The GOPe is going the way of the Whigs, regardless who wins in November.

    • Aaron Baugher

      The betrayers don’t know they’re doomed. They think a Trump loss will discredit Trumpism, all the Trumpkins will go back to ignoring politics, and they can regain control of the GOP and restore it to its proper place as the brake that slows the progressivism of the Democrats. If Hillary is as bad as expected, they see that as job security.

  • QET

    “Personally, I wonder if this classical diagnosis of America’s fate gives sufficient weight to the Founders’ self-understanding that they were, if not transcending, certainly expanding upon the wisdom of the ancients through their “improved” political science. They did, after all, triumphantly declare that they were creating a new regime—a novus ordo—and that for first time, their nation of sovereign people would be built on the basis of “reflection and choice” rather than “accident and force.” It’s hard to see how this can be squared, so to speak, with a cyclical view of politics.”

    It seems rather easy to see, in fact. The “cycle” inherent in “cyclical” describes the workings of the disease, not the specific features of the hosts. So the Founders did indeed establish a new order, as the Romans had before them, and both orders, along with many others in history, eventually succumbed to the same disease.

    But I completely agree re: the absurdity (my description) of insisting on gentlemanliness and “civil discourse” in the face of an opponent who respects neither.

    • Nice comment. FYI, not a criticism, but Disqus allows html, which can add helpful clarity when leading with a long quote. It’s easy.

      http://www.w3schools.com/tags/tag_blockquote.asp

      • QET

        Thanks. And for the link as well. The problem is I have seen numerous different html tags and can never seem to find the right ones to use in Disqus. But maybe that has now changed?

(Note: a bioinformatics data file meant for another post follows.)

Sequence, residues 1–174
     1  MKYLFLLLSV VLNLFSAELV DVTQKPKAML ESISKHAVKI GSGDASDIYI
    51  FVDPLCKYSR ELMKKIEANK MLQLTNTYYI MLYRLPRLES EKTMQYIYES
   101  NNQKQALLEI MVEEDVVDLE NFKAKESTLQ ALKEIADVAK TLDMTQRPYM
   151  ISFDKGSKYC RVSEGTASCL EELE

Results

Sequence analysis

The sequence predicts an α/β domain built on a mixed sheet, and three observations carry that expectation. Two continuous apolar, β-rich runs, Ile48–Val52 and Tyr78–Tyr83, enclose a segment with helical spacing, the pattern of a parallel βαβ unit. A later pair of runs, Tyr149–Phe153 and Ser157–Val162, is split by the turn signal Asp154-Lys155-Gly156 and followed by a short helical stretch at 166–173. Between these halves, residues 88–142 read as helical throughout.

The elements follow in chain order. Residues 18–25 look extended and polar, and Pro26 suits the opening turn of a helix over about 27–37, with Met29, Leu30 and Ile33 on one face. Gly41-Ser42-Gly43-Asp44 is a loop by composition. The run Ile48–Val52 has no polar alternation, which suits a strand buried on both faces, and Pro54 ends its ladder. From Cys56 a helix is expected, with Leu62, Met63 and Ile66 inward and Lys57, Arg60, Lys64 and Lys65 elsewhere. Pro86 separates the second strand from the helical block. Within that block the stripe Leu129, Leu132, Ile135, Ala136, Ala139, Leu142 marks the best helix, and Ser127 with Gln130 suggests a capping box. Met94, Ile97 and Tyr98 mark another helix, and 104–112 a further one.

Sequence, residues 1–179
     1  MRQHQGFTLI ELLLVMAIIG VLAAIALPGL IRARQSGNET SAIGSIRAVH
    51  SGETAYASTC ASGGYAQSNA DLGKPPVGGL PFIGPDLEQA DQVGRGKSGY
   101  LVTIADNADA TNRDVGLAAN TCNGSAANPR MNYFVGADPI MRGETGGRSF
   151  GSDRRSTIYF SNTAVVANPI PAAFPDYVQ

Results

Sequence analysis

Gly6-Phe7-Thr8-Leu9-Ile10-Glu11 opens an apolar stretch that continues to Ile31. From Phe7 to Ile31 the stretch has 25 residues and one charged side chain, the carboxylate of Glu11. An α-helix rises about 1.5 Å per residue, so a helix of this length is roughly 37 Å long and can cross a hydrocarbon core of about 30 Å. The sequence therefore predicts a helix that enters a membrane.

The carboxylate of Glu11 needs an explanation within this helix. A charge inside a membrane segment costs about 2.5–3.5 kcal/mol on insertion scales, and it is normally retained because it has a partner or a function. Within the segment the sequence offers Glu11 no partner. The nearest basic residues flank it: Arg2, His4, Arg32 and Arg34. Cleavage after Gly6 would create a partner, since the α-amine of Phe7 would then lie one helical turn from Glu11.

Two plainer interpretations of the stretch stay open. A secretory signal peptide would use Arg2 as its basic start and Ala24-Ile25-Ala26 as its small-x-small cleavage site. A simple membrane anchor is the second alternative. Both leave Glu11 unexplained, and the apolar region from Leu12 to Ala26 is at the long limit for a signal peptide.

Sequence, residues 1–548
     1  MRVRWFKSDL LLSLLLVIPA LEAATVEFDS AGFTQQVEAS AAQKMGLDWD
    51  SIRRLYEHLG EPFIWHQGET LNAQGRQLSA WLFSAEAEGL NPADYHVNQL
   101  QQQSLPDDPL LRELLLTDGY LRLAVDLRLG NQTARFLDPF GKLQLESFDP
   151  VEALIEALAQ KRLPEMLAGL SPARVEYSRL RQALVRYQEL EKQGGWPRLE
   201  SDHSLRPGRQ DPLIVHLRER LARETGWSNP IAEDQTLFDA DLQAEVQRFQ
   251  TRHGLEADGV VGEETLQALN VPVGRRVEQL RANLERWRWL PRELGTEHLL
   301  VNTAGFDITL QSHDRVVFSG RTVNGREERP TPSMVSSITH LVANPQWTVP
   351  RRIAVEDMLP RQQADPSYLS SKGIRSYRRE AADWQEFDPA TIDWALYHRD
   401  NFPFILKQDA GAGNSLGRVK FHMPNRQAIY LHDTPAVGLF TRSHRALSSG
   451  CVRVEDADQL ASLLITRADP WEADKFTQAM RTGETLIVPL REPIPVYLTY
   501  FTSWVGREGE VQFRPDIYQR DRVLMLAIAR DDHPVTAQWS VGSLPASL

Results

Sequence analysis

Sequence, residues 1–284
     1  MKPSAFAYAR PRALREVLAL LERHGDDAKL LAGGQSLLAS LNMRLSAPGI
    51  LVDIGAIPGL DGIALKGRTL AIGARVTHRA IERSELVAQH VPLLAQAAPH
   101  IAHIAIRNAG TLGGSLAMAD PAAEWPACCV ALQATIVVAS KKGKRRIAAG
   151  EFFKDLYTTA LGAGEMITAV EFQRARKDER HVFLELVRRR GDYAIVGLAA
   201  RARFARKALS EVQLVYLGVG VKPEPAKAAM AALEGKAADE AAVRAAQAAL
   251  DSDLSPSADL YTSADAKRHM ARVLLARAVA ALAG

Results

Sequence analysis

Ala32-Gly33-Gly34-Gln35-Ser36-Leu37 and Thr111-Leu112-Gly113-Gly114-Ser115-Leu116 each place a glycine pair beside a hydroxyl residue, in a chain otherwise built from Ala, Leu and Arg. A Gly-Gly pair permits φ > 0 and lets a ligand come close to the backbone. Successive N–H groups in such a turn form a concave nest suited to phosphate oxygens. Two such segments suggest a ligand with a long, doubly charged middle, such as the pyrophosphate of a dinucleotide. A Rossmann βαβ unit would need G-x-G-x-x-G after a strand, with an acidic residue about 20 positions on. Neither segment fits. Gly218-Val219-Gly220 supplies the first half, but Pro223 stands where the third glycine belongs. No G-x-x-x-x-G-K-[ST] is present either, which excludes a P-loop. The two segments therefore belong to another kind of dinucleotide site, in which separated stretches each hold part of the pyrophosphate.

• Blockquote italics links and bold are all I ever use, and they seem to work fine. Without the open and close brackets, so they’ll show, here’s what I use

          i
          b
          blockquote
          a href =”url”>link name

      • Milton Orgeron

        Disqus comment boards often block comments with html links. It seems to depend on the request of the site admins.

        • Thanks. Didn’t know that. I only ever comment at 2-4 sites which all allow.

  • Jayne

    Your article captured and clearly stated many thoughts I had on Trump and on the Constitution.

    My imagery is of the original Constitution as a sleek, beamy, classic wooden sailing yacht with lovely sweeping lines, sparkling paintwork and glossy rich teak prepared to be America’s vehicle. What she has become over the years is encrusted and dragged down by barnacles and garbage with ugly heavy planks amended on here and there, paint worn away and her wood splintering she rides slow and low in the water listing dangerously far to portside.

    I consider Trump will most likely govern in the mold of Bill Clinton, back slapping congeniality after the election animosity is over, and moving to the political center. But as Trump would arrest the HRC debacle, he could very well be a prophetic forerunner of a stronger conservative politician currently on the rise.

  • Just read this, and thought it was worth mentioning here (to the few people who comment unless Jonas Goldberg is attacked). “Business Insider” has an article up titled The GOP must do something about the conservative media industrial complex if it wants to survive that completely affirms the elite view of citizens.

    The implied theme of the piece is: Voters are just stupid cattle, and conservative media manipulated and used them to its advantage. It liberally and sympathetically quotes Obama in Fl to “prove” its thesis.

    It completely misses the point. Citizens are driving the “revolution”, and the “conservative media industrial complex” has resisted it with few exceptions.

    Their contempt for the average American is such that the only explanation they can fathom is that the elite misled the people because otherwise they’d have to face the fact that the people can think for themselves.

    • JJ the Irredeemable

      That’s funny. But weird that BI is doing precisely what they accuse the “Conservative Media Industrial Complex” of doing.

      Considering even Fox has disappointed this season, and its ratings are proving this, it makes me wonder if these folks are all deranged.

      Who’s part of the CMIC, anyway? Certainly not Fox anymore. Not NRO, not any of the MSM.

      Breitbart and Drudge?